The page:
There are some types of trusts that are used by high net worth families that have complex objectives. This being stated, a living trust is a versatile estate planning device that can be the ideal choice for people of relatively ordinary means.
If you use a last will to state your final wishes, you would name an executor in the document. This is the person that would handle the estate administration tasks after you are gone. The executor would be required to admit the will to probate, and the court would provide supervision during the process.
Probate will take somewhere in the vicinity of eight months to a year if there are no complications, and the heirs do not receive their inheritances while the estate is being probated by the court. There are considerable expenses that accumulate, and probate is a public proceeding, so privacy is lost.
Assets that have been conveyed into a living trust can be transferred outside of probate. This is a major advantage, and another one is the ability to include spendthrift protections. These are a couple of the benefits, but there are a number of others.
A living trust is revocable, and the word is self-explanatory. If you ever want to dissolve the trust and take back direct personal possession of the assets, you can do so. Plus, you can act as the trustee and the beneficiary while you are alive, so you have absolute control every step of the way.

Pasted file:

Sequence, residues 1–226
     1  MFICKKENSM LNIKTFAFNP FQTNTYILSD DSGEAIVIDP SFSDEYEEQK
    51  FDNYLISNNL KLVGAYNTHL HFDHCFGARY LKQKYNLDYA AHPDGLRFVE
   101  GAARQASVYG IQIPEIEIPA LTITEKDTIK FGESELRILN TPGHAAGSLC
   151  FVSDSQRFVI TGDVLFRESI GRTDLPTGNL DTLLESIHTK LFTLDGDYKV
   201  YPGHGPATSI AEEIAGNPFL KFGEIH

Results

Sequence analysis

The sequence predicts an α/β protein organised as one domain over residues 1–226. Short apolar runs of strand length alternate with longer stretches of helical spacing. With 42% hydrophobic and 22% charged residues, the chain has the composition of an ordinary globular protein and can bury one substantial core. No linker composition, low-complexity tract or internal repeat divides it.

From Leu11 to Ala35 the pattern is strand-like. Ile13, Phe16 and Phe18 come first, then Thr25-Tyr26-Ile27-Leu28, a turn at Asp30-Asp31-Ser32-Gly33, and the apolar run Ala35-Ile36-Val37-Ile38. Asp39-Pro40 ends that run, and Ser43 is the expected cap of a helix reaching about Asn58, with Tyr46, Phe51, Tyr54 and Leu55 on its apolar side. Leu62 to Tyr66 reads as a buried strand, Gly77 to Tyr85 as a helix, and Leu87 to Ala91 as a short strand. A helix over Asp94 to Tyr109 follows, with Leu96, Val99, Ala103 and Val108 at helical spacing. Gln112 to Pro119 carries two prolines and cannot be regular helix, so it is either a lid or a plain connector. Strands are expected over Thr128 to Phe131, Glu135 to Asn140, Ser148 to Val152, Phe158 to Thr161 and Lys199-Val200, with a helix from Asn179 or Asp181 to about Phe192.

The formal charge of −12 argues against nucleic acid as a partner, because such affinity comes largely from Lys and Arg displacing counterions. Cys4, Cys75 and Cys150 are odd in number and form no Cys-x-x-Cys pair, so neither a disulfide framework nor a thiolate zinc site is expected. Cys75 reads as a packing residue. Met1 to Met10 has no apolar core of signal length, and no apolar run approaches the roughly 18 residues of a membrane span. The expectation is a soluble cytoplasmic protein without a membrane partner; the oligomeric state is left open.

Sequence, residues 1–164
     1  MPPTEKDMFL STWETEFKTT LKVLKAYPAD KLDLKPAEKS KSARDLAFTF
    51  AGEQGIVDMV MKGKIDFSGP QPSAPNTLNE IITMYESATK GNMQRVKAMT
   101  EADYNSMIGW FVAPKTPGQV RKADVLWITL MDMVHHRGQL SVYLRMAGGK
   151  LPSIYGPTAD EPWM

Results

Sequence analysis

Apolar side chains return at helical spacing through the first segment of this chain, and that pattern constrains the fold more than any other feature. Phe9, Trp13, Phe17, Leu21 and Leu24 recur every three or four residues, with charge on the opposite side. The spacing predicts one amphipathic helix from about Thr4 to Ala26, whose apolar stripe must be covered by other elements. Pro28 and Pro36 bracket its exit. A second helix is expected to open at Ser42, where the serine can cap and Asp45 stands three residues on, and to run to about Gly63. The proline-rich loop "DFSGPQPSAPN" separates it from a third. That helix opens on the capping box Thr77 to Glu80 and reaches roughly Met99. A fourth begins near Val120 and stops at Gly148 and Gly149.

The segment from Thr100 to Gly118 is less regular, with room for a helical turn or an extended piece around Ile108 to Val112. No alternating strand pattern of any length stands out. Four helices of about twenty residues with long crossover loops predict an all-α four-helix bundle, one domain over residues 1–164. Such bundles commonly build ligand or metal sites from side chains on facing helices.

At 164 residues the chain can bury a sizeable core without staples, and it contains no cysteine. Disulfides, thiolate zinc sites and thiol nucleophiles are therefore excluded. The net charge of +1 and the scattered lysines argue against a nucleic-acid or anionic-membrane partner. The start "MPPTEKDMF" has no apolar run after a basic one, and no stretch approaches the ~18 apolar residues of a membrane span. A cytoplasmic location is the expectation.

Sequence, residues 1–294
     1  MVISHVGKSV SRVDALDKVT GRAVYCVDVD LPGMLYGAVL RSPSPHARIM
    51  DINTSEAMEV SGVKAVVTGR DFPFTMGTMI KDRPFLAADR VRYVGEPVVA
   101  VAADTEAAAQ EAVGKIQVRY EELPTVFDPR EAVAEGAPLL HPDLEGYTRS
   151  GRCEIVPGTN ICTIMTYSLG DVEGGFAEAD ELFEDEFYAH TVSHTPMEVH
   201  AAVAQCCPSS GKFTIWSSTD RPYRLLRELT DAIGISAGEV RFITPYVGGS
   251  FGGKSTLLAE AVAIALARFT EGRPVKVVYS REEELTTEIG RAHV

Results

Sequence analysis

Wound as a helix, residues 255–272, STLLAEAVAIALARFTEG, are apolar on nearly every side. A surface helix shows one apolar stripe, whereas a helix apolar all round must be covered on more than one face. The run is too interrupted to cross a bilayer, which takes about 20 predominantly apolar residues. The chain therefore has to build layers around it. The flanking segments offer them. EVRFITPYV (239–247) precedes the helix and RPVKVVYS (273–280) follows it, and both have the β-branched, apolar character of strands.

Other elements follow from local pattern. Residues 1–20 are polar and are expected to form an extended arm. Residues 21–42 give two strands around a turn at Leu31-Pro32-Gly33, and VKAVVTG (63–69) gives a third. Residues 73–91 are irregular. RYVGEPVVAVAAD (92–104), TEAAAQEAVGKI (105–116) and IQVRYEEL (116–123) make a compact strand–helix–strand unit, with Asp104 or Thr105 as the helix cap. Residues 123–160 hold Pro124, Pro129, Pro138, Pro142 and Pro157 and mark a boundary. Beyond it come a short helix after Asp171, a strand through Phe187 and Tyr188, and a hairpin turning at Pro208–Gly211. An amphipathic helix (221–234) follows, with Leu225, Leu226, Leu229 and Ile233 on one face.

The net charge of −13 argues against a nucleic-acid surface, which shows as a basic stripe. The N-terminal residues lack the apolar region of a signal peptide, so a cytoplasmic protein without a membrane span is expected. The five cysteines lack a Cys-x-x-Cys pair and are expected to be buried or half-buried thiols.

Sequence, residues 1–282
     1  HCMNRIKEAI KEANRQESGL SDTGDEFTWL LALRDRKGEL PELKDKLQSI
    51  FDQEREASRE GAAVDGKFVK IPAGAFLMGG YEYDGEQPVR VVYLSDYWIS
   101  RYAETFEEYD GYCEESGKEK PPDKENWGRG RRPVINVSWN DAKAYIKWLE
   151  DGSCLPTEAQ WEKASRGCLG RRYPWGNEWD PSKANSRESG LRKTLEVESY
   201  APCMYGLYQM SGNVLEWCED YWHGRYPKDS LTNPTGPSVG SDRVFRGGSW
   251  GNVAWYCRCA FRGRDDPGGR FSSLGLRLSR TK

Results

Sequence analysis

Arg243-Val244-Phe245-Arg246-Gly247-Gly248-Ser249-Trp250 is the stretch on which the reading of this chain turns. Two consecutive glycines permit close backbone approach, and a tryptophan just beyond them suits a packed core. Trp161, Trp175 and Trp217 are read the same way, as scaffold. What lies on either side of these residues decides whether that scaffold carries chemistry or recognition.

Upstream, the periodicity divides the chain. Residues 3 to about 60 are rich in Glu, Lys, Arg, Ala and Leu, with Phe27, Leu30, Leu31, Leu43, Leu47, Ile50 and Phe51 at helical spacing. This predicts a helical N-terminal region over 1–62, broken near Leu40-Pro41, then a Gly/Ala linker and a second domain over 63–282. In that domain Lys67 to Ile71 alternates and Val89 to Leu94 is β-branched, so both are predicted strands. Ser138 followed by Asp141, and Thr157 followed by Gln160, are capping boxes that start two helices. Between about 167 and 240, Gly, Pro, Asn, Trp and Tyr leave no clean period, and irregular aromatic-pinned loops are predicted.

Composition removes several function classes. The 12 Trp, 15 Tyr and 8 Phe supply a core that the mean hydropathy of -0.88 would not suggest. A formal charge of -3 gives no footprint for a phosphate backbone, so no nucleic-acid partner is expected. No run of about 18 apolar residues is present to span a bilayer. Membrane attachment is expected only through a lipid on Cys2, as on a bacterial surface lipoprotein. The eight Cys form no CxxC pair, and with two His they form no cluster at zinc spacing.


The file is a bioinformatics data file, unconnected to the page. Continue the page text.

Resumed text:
You name a successor trustee when you are creating the trust, and you name your heirs as the successor beneficiaries. It is possible to name someone that you know personally to act as the trustee, but many people will use a professional fiduciary such as a trust company.
When you are establishing the trust declaration, you can name a disability trustee. This individual or entity would be empowered to act as the trust administrator if you ever become unable to handle your own financial affairs.
Yes, you have the ability to add or subtract beneficiaries, and you can change the successor trustee if you ever choose to do so. You can also convey additional property into the trust after it has been established and initially funded.
To account for this, you can include another estate planning document called a pour over will. This would allow the trust to absorb assets that you did not convey into it while you were alive.
You can instruct the trustee to manage income producing assets and distribute resources to the beneficiaries in a measured fashion over any time frame that you choose.
Absolutely, this is a great course of action for many married couples. A joint living trust can facilitate very efficient postmortem asset transfers, and the structure can remain in place after the passing of one spouse.
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